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Shores, Del (b. 1957)  
page: 1  2  3  

Shores followed that up with another success, The Trials and Tribulations of a Trailer Trash Housewife (2003), the story of a woman physically and psychologically abused by her husband. The dark theme was a departure for Shores, but the play does include some of his characteristic humor as Willi, the housewife of the title, struggles to cope with the horrors of her life. The play, originally staged in Los Angeles, brought awards to both Shores and the cast members.

Shores was delighted by the opportunity to work as a writer and producer on the cable series Queer As Folk (2003-2005). He told Edan, "It's a wonderful thing to be on a show like Queer As Folk because there's not a lot of censorship at all, and I was able to continue my journey."

Shores was taking that journey in the company of actor Jason Dottley. After two years together, the couple became domestic partners in October 2003 and celebrated their union with a ceremony that they considered their wedding although they could not marry in California at the time.

Shores brought Sordid Lives to the small screen in 2008 with the LOGO network production Sordid Lives: The Series, for which he served as writer, director, and executive producer. A number of cast members from the film, including Jordan, Newton-John, Beth Grant, and the Alexanders, reprised their roles. Dottley and veteran character actor Rue McClanahan were among the new players. The show immediately because the network's biggest hit.

Three months after the debut of the series, on October 26, Shores and Dottley had the real wedding for which they had been longing. Almost immediately, however, they saw with horror that polls showed that California Proposition 8 might pass in the rapidly approaching election.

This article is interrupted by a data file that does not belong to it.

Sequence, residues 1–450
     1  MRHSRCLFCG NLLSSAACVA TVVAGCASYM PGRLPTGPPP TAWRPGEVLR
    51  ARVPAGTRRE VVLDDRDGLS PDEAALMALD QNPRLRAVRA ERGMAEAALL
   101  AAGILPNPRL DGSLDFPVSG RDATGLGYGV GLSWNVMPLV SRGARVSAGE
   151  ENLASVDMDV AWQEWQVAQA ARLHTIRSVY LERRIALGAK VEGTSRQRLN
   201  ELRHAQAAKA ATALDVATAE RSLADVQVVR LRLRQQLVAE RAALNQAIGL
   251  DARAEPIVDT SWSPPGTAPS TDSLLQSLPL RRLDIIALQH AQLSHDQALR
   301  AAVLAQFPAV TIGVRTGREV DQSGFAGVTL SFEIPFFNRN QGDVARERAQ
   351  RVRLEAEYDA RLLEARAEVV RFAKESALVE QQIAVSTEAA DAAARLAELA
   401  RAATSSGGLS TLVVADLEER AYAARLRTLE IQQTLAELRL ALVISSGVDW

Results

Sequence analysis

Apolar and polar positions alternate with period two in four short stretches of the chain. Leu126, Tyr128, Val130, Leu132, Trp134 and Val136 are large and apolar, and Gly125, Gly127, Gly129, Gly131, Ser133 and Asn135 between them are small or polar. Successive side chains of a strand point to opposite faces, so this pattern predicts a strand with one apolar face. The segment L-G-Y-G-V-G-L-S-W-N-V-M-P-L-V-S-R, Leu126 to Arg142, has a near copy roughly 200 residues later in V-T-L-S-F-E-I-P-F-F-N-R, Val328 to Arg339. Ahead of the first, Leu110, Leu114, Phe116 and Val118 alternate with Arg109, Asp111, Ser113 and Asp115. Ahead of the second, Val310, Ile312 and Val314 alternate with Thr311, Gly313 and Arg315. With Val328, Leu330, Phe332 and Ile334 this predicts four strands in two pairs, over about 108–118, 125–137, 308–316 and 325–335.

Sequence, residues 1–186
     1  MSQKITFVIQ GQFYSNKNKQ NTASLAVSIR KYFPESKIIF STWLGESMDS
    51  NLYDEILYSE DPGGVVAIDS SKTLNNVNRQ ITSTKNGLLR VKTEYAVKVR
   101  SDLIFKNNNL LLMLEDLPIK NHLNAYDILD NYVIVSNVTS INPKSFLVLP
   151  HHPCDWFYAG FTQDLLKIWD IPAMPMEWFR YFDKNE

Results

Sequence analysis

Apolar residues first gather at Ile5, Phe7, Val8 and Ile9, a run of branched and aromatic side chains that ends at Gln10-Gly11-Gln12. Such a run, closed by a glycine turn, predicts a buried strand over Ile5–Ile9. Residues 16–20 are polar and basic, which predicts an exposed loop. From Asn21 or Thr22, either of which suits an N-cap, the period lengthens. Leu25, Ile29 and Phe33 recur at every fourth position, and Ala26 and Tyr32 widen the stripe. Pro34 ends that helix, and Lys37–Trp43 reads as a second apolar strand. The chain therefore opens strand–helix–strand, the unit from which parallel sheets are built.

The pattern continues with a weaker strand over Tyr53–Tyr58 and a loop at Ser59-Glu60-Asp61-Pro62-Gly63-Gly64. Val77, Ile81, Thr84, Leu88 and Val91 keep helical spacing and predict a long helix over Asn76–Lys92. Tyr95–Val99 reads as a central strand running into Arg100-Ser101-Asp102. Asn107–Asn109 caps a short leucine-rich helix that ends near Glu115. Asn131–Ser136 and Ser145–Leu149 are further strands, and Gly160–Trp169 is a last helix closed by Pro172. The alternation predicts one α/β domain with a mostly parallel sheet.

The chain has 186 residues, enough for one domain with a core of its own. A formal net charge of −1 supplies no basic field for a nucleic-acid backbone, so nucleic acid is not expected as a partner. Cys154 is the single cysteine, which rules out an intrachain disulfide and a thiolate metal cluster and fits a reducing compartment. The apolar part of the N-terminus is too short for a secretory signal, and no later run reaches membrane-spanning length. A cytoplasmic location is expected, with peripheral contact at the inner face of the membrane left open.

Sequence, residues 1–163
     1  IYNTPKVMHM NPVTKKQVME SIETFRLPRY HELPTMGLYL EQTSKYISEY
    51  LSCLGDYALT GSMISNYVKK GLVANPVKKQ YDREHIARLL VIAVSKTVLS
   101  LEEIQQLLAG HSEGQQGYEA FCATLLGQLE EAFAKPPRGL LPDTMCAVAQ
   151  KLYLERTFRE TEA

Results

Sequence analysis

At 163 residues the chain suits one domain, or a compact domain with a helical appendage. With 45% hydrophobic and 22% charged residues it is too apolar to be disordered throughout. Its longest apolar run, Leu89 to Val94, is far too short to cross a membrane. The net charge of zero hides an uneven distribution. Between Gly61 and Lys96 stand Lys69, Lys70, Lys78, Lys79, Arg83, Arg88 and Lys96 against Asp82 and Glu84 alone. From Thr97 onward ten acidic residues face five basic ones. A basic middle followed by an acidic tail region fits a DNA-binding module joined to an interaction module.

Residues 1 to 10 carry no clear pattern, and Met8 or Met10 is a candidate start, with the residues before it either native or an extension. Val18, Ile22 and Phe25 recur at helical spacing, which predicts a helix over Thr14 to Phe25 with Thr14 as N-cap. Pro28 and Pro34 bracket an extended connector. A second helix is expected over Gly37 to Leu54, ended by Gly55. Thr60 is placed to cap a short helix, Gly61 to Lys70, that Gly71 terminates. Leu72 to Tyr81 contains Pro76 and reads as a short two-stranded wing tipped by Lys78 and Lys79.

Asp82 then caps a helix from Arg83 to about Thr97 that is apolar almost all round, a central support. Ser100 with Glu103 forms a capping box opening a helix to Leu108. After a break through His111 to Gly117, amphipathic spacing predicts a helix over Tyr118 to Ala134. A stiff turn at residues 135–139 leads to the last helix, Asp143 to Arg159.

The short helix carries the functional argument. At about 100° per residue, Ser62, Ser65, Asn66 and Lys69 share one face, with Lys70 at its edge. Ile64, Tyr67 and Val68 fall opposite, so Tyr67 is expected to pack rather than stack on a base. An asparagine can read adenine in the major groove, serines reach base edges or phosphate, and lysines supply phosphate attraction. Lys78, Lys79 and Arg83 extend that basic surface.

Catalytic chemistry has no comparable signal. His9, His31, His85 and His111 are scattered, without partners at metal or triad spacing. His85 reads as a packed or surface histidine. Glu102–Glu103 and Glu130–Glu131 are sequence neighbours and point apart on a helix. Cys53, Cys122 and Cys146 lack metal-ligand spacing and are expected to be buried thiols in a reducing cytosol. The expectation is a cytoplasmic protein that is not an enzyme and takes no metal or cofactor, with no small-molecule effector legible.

Together with Shores' daughters, the couple marched in demonstrations and spoke out for marriage equality, including posting youtube videos. All were devastated when the pernicious measure passed and same-sex couples had the right to marry taken away. Shores resolved to become more vocal and visible in working for glbtq rights.

Shores soon saw a professional setback as well. Both he and the LOGO network were eager to produce a new season of the extremely popular Sordid Lives: The Series, but the production company, Once Upon a Time Films, which had not even paid Shores, the cast, and the crew residuals for the first season, could not possibly finance a second. Shores attempted to buy back the rights but was unable to do so.

Without the income that he had expected to receive from the production company, Shores lost his house to foreclosure. At the suggestion of his husband, who was about to begin a tour to promote a record, he took to the road with a one-man show, Del Shores: My Sordid Life. The experience—especially the warm response from the fans that he met—revitalized him, and the project helped him get back on his feet financially.

Shores' most recent play is Yellow (2010). Set in Vicksburg, Mississippi, Yellow once again deals with family dynamics, but this time the family seems to be the American ideal—parents with rewarding careers, and their two bright teen-agers, a son who excels at sports and a daughter who is the star of the high school drama club. Their comfortable existence and relationships are shaken when the son contracts a potentially fatal form of jaundice.

While facing the possible loss of their own son, the family takes in another boy, the daughter's Broadway musical-loving best friend Kendall, whose Bible-thumping mother cannot accept what she perceives as sinful tendencies in her son. Bob Verini of Variety observed that "Shores typically dramatizes the clash between fundamentalism and flamboyance, but by putting them in the same family, he achieves blazing dramatic effects."

Of the Kendall character Verini wrote, "It's not easy to play a holy fool type, utterly without vanity, devoted only to making things better for those he loves. [Under Shores' direction,] in [actor Matthew Scott] Montgomery's hands, Kendall stands at the play's center while remaining utterly real."

Impressed by Yellow as well as the rest of Shores' oeuvre, he concluded, "This idiosyncratic playwright clearly has even more surprises up his sleeve."

Shores' legions of fans await these, perhaps none more eagerly than the glbtq members of his audience. In interviews, Shores has repeatedly mentioned getting messages from people who found affirmation in his work.

Writing in the Huffington Post, Shores cited the example of a 44-year-old Oklahoma native who discovered the strength to go home and come out to his Southern Baptist family after seeing the play Sordid Lives. "He felt that if I could share my story with so much humor, that exposing this part of himself to his family wouldn't be so bad," stated Shores, recalling the man's words to him: "Your play changed my life. . . . The laughter will heal so many people . . . like it healed me and my family."